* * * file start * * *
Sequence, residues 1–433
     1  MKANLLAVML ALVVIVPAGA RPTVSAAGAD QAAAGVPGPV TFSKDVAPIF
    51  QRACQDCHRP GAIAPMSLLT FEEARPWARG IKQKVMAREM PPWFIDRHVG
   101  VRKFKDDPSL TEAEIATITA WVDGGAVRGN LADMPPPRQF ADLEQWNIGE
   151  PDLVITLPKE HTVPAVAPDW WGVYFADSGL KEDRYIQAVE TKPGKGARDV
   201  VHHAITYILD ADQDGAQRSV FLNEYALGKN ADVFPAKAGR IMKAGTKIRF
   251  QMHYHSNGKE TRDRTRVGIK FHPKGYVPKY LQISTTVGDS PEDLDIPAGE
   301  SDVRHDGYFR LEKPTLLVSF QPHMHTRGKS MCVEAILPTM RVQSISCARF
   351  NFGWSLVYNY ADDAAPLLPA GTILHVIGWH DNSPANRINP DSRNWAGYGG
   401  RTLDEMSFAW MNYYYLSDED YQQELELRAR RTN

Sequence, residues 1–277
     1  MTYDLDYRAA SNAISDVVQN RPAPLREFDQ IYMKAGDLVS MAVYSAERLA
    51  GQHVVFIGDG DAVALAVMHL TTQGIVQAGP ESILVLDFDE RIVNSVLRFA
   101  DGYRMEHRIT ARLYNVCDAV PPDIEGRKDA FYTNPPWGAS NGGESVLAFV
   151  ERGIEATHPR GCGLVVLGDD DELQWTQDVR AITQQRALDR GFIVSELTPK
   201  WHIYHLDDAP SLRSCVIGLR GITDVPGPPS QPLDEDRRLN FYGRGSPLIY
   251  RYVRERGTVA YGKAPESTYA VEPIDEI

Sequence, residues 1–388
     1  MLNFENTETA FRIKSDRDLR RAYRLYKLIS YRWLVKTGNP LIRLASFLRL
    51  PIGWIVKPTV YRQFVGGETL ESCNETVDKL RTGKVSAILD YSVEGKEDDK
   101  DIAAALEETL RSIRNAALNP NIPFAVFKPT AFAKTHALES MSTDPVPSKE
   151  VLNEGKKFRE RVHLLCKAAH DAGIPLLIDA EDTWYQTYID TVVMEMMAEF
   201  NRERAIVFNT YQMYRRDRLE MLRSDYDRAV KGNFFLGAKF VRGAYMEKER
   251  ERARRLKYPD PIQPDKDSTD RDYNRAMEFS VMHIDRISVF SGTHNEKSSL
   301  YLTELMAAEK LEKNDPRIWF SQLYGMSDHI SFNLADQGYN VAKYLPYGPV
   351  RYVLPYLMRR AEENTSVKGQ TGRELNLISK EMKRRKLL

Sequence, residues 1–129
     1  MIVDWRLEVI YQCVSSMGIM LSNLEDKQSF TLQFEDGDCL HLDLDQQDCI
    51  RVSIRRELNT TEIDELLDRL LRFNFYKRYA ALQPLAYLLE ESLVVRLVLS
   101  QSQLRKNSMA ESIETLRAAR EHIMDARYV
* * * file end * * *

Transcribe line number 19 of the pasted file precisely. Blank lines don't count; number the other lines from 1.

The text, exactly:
     1  MLNFENTETA FRIKSDRDLR RAYRLYKLIS YRWLVKTGNP LIRLASFLRL